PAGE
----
Shan Weijun (b.1962 Jiangsu) attaches great importance to the purity of expression in his paintings. He skillfully uses his brush to painstakingly apply layers and layers of tiny dots. He terms this creative and meditative approach, reminiscent of both the ancient Chinese “Rice-dotted Landscape” (midian shanshui) technique and the Impressionist pointillism that flourished in France at the end of the nineteenth century, as “a thousand points.” The result is a series of complex ink paintings that combine Chinese culture, French feeling, and contemporary aesthetics. Shan studied visual arts at the Wuxi Institute of Light Industry (currently known as Jiangnan University) graduating in 1987. In 1991 he went to Paris, where he studied plastic arts at the University of Paris, and remains to this day. Last year, the Cultural Affairs Department of the French Consulate in Shanghai organised a solo exhibition for him in Shanghai and he participated in the China-Expo Capital Forum Exhibition there as well (2016).
Wang Mengsha (b.1982, Wuxi) adopts a sense of humor to innovatively combine aspects of traditional paintings of court maidens and beauties with landscape paintings (shanshuihua). Akin to the eminent artist Walasse Ting, with whom she shares a hometown, Wang is associated with bright colours and calligraphic strokes. However, as a female artist she applies a feminine perspective to examine the past and look at the future in ways that redefine contemporary ink art in history and modern culture. Wang has been honoured with many awards, including selection in 2009 as one of “China’s young artists most deserving of immediate media attention”; in 2011 as one of the 100 favourite artworks of the year; in 2013 awarded the Golden Star Prize. Her work has been recently acquired by a trustee of the New Hall Art Collection, a collection of modern and contemporary art by women artists, to be placed on loan at Murray Edwards College, University of Cambridge, UK.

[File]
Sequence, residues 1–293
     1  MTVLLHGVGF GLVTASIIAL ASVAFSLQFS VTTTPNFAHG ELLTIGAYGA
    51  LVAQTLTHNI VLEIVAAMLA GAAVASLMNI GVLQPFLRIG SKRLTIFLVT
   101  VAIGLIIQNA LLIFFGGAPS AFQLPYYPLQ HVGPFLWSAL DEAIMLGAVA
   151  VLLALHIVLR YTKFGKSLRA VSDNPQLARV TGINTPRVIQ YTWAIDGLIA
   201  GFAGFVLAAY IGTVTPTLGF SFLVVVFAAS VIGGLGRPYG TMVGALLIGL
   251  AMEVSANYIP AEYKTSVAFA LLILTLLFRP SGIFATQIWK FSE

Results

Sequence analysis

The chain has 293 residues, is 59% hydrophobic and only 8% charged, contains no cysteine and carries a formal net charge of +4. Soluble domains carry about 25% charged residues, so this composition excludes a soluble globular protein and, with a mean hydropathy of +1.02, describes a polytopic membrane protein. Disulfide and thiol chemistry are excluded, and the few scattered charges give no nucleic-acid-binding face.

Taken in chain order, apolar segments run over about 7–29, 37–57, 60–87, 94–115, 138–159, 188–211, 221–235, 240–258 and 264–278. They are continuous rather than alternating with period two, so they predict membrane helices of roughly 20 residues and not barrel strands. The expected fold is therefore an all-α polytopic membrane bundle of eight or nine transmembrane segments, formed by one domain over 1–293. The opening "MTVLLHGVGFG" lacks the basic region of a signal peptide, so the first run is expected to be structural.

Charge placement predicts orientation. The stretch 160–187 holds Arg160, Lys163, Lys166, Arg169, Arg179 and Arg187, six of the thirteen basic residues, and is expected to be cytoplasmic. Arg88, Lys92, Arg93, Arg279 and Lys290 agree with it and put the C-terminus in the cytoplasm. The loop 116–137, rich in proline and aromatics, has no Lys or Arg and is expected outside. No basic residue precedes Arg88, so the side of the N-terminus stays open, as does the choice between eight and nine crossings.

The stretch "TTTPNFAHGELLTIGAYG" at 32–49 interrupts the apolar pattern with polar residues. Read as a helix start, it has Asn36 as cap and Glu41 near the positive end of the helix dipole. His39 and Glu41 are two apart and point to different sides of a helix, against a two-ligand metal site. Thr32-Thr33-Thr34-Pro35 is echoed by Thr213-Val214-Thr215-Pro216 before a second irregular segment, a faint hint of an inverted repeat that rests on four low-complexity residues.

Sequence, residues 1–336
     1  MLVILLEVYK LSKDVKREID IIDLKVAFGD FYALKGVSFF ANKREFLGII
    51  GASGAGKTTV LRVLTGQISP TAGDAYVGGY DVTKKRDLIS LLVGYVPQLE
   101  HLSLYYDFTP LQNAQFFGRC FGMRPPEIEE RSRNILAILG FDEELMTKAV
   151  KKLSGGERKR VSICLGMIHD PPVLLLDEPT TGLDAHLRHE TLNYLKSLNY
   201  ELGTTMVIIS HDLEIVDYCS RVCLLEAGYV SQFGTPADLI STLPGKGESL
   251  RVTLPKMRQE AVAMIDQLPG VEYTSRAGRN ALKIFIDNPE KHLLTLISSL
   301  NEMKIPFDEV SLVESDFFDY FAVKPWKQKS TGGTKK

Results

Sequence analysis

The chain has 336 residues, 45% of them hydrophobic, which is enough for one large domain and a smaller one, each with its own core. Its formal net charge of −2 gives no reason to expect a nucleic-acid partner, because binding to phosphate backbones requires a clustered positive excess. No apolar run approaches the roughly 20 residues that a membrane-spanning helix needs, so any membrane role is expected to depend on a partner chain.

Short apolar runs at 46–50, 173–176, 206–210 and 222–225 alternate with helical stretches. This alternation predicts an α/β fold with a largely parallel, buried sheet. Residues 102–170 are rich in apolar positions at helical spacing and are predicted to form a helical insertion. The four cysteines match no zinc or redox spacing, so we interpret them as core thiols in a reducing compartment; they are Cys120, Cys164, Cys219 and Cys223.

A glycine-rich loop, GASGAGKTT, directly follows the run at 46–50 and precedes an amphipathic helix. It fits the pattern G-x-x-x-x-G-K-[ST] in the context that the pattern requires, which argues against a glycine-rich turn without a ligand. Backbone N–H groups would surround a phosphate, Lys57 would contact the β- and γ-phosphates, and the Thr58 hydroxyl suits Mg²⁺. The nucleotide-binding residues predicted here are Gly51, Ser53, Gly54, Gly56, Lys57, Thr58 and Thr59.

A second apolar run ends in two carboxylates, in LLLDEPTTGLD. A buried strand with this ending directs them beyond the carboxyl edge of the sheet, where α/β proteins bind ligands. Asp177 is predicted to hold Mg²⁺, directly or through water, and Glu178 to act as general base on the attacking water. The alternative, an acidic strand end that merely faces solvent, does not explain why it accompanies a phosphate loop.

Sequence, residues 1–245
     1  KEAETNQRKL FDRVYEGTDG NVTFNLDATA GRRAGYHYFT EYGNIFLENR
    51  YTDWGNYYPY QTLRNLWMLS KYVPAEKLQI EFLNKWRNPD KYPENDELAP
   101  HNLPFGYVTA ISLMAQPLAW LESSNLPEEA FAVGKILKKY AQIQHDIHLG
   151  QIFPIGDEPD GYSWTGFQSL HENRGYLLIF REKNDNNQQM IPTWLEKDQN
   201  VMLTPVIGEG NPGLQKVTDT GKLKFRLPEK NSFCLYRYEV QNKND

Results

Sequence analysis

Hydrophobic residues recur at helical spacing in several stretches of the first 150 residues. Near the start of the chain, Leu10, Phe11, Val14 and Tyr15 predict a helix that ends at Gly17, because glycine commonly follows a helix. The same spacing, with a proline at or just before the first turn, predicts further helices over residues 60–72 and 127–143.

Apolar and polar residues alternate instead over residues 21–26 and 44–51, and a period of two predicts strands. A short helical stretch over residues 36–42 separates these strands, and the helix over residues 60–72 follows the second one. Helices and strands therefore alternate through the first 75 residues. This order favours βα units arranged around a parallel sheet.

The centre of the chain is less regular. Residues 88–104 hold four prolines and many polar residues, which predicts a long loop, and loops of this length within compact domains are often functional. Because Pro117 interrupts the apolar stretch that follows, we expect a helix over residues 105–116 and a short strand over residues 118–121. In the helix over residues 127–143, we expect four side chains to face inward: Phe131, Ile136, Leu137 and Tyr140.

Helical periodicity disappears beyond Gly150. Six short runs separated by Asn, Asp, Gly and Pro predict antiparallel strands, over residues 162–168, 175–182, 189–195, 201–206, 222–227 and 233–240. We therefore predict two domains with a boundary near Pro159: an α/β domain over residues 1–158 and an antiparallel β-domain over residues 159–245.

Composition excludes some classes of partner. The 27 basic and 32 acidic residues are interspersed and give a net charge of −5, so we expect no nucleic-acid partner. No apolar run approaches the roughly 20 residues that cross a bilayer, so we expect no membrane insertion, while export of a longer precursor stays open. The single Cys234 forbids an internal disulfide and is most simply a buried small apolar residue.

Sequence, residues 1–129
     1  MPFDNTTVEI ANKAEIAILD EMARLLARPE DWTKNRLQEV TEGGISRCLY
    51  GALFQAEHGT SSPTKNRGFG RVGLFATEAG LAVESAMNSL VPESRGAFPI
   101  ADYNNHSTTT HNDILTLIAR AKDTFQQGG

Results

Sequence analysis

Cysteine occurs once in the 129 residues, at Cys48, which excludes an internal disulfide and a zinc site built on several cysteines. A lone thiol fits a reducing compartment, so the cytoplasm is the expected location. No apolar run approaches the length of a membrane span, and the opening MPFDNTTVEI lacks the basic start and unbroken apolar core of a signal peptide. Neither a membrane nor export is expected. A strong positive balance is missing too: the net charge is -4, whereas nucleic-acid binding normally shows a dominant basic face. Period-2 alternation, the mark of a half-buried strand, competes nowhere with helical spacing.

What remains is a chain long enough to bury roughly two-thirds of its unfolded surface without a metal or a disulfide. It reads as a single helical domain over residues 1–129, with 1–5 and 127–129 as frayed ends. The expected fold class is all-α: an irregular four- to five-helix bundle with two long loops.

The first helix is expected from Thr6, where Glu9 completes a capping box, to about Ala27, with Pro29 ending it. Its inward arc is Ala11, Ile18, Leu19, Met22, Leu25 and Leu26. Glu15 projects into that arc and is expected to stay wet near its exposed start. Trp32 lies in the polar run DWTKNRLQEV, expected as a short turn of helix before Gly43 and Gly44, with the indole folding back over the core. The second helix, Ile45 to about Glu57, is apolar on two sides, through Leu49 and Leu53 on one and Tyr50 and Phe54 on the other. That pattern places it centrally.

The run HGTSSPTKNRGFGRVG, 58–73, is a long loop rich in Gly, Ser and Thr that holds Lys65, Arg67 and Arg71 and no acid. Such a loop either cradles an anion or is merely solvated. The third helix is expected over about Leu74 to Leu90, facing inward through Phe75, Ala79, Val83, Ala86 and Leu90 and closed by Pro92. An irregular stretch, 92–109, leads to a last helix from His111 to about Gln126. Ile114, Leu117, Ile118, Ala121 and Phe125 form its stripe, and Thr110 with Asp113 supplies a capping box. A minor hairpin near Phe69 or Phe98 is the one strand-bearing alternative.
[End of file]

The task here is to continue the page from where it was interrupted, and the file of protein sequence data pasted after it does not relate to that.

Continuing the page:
Zhang Xiaoli (b. 1989 Guizhou) presents surreal landscapes inside small containers, using the traditional style of gongbi ink painting to depict memories and experiences. Particularly, her boxed landscapes series correlates to the “subdivided flats” housing problem in Hong Kong, which the artist experienced while studying in Hong Kong. The four paintings on display are the new works completed during her graduate studies at the Central Academy of Fine Arts in Beijing. Zhang received a scholarship and moved to Hong Kong in 2008 to pursue higher education at Chinese University of Hong Kong, where she received her BA with first honours in Fine Arts and Biology in 2014. During the graduation show, she received YS Hui Fine Arts Award and Wucius Wong Creative Ink Painting Award.
HIGHLIGHT · SCULPTURE
Jiang Shuo (b. 1958 Beijing), an international sculptor works between Beijing, Berlin and Austria. She is known for colourful and playful creations and humorous interpretations of modern culture. Since gaining Austrian citizenship in 2003, Jiang returned to China where she witnessed how dramatically Chinese cultural norms had changed. The Cat Meeting (2015) bronzes shown here mix elements from the artist’s iconic Red Guard series with the her more playful side – her signature cats dressed in guard uniforms and waving Red Books, captured in a moment of animated and humourous conversation. Jiang was among the first women to study sculpture at the Central Academy of Arts & Design (now the Academy of Fine Arts, Tsinghua University), Beijing in 1978, earning both a PhD in 1985 and appointment as a lecturer. She currently lives and works in Austria with her husband, fellow famous international sculptor Wu Shaoxiang.